Another Sewing Bird CopyBy

Another Sewing Bird Copy

Sometimes, the easiest way to detect reproductions is to ask yourself, "Could this product perform the function for which is was designed?" If you ask that question, you don't need to be an expert on sewing birds to know the piece in Fig. 1 is not authentic.

An authentic sewing bird was used to hold pieces of fabric for hemming or embroidery. A screw clamp held the sewing bird to a table. The "bird" was made from two pieces which pivot in the middle of the body. A strong spring under the tail forces the two parts together at the beak. Depressing the tail opens the beak for inserting the fabric. When the tail is released, the beak closes to hold the fabric in place.

The body of the latest reproduction sewing bird is cast as a single piece, not two pieces. There is no spring, the beak does not open in the new bird. This piece could never logically be used as a sewing clamp. Earlier sewing bird reproductions are made in two pieces. The easiest way to detect those copies is to look at the beak. Original beaks fit so tightly there is rarely a visible joint. Beaks of virtually all new two piece sewing birds have wide, loose gaps in the beak.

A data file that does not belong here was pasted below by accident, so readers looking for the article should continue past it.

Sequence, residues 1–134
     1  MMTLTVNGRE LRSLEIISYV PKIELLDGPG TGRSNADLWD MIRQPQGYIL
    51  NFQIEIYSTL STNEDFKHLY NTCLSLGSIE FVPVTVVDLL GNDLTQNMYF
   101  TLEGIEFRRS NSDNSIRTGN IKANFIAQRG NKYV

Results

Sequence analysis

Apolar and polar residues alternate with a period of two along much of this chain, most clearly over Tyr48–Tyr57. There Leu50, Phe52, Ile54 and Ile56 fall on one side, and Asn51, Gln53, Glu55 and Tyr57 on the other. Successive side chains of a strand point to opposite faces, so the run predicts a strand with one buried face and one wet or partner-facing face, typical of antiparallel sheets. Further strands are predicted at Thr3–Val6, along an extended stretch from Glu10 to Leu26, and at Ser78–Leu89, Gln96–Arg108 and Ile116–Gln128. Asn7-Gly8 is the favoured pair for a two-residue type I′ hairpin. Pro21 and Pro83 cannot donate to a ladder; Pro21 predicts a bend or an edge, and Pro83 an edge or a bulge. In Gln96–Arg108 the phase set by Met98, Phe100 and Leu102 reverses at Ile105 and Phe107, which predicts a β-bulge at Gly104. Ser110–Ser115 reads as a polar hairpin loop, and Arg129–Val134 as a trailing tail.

The latest reproduction in Fig. 1 is made in pot metal with a darkened "patina" in low areas somewhat resembling pewter. Most earlier two piece reproductions are made of stamped or cast brass. The great majority of original two piece birds are made of cast iron. Many, but not all, cast iron originals have molded patent dates or manufacturers names. Reproduction sewing birds have are not known with any confusing dates or names of manufacturers.

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Fig. 1 The latest sewing bird reproduction. This bird is cast as one piece, the beak does not open.

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Fig. 2 Close up view of one piece sewing bird body of the latest reproduction shown in Fig. 1.

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Fig. 3 View of original sewing bird with two piece body. Note pivot pin in middle (narrow white arrow) and strong spring (wide white arrow).

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Fig. 4 The beak of the latest reproduction does not open. The head and beak is a solid one piece casting.

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Fig. 5 Typical reproduction with two piece head and beak. These new pieces almost always have large gaps between upper and lower pieces.

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Fig. 6 Typical old two piece sewing bird. Note there is virtually no gap between upper and lower sections.